More health visitors needed to tackle maternal obesity

An increase in the number of health visitors is needed to reduce maternal obesity, a group of cross-party MPs have said.

More health visitors needed to tackle maternal obesity

They also need increased training, as part of a series of changes required if maternal obesity is to be reduced, according to the MPs’ report. 

The All Party Parliamentary Group on a Fit and Healthy Childhood made a total of 67 recommendations, including a number specifically aimed at health visitors and midwives. It followed an investigation into how to tackle the increasing prevalence of overweight women of a reproductive age.

Obesity at this age can impact the health of at least two generations, said the report, launched in June.  

The report said an obstacle to addressing the problem was that the entire maternal service workforce is ‘under-resourced, overstretched, under immense pressure’. It also said the workforce was acutely aware of the negative impact that their gaps in knowledge might have.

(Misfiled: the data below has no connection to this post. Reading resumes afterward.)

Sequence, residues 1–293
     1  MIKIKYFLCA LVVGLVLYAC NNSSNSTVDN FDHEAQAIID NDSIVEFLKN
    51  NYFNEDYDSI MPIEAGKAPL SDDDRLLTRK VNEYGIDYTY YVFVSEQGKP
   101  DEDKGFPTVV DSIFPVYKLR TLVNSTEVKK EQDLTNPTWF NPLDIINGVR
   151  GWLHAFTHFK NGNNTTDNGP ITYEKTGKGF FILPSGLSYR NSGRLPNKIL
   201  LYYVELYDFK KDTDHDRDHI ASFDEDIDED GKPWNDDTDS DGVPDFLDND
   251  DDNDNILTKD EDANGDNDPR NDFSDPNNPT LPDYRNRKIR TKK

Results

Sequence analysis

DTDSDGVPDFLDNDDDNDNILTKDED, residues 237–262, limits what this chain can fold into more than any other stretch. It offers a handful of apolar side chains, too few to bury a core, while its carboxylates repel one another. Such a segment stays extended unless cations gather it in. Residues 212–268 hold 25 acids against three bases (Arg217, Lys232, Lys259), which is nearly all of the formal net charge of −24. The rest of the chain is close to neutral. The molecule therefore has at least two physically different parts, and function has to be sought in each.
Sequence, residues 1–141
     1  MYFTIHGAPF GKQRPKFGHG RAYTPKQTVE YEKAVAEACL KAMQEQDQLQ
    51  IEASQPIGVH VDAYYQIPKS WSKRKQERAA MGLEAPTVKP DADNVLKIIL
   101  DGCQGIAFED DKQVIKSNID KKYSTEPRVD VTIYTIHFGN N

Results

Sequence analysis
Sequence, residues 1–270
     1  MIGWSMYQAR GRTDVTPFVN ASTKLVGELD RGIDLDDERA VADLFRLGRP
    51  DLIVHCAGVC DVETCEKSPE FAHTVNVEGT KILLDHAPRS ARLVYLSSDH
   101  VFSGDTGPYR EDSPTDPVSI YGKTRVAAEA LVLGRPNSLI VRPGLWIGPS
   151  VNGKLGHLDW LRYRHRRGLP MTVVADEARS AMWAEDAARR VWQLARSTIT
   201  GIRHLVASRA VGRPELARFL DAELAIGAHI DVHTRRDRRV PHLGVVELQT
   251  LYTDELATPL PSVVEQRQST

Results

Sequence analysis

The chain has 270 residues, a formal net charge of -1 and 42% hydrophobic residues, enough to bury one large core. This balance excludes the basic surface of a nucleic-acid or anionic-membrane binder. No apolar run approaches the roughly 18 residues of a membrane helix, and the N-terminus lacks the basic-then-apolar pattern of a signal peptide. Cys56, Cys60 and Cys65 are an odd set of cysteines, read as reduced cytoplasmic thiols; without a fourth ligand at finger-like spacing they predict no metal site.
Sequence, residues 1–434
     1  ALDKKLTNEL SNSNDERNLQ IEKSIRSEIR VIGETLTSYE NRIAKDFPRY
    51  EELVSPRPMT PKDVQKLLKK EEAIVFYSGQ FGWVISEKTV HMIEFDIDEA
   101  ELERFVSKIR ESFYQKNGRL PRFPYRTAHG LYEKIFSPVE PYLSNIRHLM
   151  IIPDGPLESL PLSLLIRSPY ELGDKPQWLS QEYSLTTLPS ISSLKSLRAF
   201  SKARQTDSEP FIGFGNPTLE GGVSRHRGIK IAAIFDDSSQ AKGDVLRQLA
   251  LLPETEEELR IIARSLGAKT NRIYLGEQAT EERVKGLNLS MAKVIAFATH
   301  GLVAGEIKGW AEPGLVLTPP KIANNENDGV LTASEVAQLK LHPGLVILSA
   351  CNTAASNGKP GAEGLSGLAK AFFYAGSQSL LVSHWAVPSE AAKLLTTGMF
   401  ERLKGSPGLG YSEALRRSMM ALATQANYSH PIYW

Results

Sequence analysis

It said there was a lack of confidence and embarrassment of the healthcare professional when faced with raising weight issues with pregnant women.

The report called for an increase in the number of frontline staff, noting there was a ‘significant shortfall’ in the numbers of health visitors and midwives working in the UK. And it recommended that all healthcare professionals working with women and families before, during and after pregnancy should be trained in nutrition, including breastfeeding.

Clear UK guidance on appropriate weight gain during pregnancy was also required.

In addition, the report said healthcare professionals should be able to spend longer with prospective and new parents.

University training should be also be reviewed and healthcare professionals should update their skills regularly as part of continuing professional development, said the report.